Researchers have found substantial differences between wind energy input through ocean surfaces with and without wave breaking (Banner and Melville, 1976). Data collected during the Australian Shallow Water Experiment (AUSWEX) field campaign at Lake George, Australia (Babanin et al., 2007), showed that under a severe breaking condition, the wind energy input will increase to about 2 times that under a relevant non-breaking condition. Although the important effects of wave breaking as well as short-wave dissipation on wind energy input have been well understood (Janssen, 1989, 1991; Makin and Kudryavtsev, 1999; Hasselmann et al., 1973; Babanin et al., 2007), it was only recently that Xu and Yu (2020) proposed a formula to effectively include these effects. Xu and Yu's (2020) formula takes into consideration both the breaking effect and the effect of airflow separation on the leeside of steep wave crests in a reasonably consistent way. Despite its physics-based nature, a further evaluation of its performance in practical and more complicated wind wave conditions, however, is still necessary.
It is generally believed that, among the total wind energy transferred into the ocean waves, a part is absorbed by the long-wave components to support wave growth, while an even larger part is received by the short-wave components and quickly dissipated due to fluid viscosity, wind shear on the ocean surface and the turbulence effect related to wave breaking (Csanady, 2001; Jones and Toba, 2001). Formulation of the wave dissipation, however, is very difficult, and the available suggestions in the literature are rather controversial (Cavaleri et al., 2007). The earliest wave dissipation model is known to be the probabilistic breaking model originally presented by Longuet-Higgins (1969) and then improved by Yuan et al. (1986). Hasselmann (1974) proposed the whitecap model based on a mathematical formulation of the negative work done by the downward whitecap pressure on the upward wave motion. Phillips (1985) and Donelan and Pierson (1987) proposed the quasi-saturation model by assuming a local equilibrium relationship among wind energy input, nonlinear transfer and wave dissipation. Polnikov (1993) preferred the turbulence dissipation model which relates the loss of wave energy to the dissipation of turbulence kinetic energy. In addition to the theoretical studies, a significant number of experimental investigations have also been carried out (Phillips et al., 2001; Melville and Matusov, 2002; Donelan, 2001; Hwang, 2005). Based on the data measured at Lake George, Australia, Babanin and Young (2005) established an empirical model in which the concept of cumulative effect is introduced so that the contribution of low-frequency wave motion to breaking of high-frequency waves can be taken into account. It may be necessary to point out that most of the experimental studies are supported only by limited data.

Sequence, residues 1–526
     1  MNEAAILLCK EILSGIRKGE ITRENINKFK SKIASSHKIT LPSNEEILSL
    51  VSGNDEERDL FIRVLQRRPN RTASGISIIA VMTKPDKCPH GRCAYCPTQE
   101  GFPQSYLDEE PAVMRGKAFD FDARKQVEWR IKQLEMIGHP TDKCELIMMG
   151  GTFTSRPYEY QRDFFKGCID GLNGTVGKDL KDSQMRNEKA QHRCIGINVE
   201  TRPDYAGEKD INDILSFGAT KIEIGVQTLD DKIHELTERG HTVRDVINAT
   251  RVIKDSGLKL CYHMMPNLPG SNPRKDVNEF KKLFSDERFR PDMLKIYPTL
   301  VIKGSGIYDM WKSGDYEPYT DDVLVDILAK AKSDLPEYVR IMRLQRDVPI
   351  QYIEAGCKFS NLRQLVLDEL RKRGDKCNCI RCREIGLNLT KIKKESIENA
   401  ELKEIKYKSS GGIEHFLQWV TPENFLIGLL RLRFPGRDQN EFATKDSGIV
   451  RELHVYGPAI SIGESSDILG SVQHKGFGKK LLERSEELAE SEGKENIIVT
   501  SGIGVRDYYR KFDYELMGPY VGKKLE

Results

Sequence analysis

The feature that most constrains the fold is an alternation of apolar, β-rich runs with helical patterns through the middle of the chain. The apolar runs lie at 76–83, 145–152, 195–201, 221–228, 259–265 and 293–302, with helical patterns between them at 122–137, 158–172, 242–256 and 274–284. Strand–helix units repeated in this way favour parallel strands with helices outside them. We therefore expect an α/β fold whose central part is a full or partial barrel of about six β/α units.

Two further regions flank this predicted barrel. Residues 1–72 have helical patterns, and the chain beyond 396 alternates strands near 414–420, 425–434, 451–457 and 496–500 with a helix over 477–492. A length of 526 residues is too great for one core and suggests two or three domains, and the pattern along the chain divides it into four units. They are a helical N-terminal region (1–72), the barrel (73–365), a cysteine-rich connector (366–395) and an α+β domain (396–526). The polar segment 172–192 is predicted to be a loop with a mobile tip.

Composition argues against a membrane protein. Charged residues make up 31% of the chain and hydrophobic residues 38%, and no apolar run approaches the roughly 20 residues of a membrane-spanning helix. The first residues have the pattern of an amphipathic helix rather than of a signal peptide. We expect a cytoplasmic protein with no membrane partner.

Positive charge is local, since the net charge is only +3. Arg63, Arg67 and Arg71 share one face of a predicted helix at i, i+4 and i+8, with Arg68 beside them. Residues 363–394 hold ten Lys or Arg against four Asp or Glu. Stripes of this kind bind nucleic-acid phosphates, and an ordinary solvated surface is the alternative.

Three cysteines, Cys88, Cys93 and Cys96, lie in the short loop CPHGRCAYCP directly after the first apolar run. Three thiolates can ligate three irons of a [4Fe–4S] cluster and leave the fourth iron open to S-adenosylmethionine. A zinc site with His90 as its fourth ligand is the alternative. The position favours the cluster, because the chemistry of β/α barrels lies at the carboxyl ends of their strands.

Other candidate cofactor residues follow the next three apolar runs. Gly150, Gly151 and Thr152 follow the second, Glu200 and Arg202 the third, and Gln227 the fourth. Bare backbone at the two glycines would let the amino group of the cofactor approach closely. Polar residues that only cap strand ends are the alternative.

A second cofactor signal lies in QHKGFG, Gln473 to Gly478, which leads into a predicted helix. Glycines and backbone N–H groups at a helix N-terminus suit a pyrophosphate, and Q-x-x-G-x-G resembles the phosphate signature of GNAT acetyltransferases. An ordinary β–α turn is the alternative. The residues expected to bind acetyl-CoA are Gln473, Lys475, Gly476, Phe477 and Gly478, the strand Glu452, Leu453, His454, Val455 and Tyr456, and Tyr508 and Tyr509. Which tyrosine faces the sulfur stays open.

WAVEWATCH III (WWIII), a successful third-generation wave model, has been widely used for simulating ocean waves in both deep and shallow waters. With great effort made by scientists around the world (Ardhuin et al., 2010; Zieger et al., 2015), parameterizations of the source terms in WWIII have been well calibrated under various conditions to achieve satisfactory results for evolution of an ocean wave spectrum. Under severe wave conditions, however, their accuracy is often unsatisfactory and the wave energy is underestimated even with an optimal choice of the parameters (Cavaleri et al., 2020; Campos et al., 2018; Mentaschi et al., 2015). Meanwhile, researchers found that the directional wave spectrum has been sometimes very poorly simulated even when the significant wave parameters are accurately represented (Fan and Rogers, 2016). Stopa et al. (2016) believed that all wave models have difficulty in describing the directional spread of waves. Although modelers usually tend to attribute the numerical error to the inaccuracy of the wind data or topography data, we must admit that imperfection of the source-term parameterization, especially under severe wave conditions, is also one of the main reasons.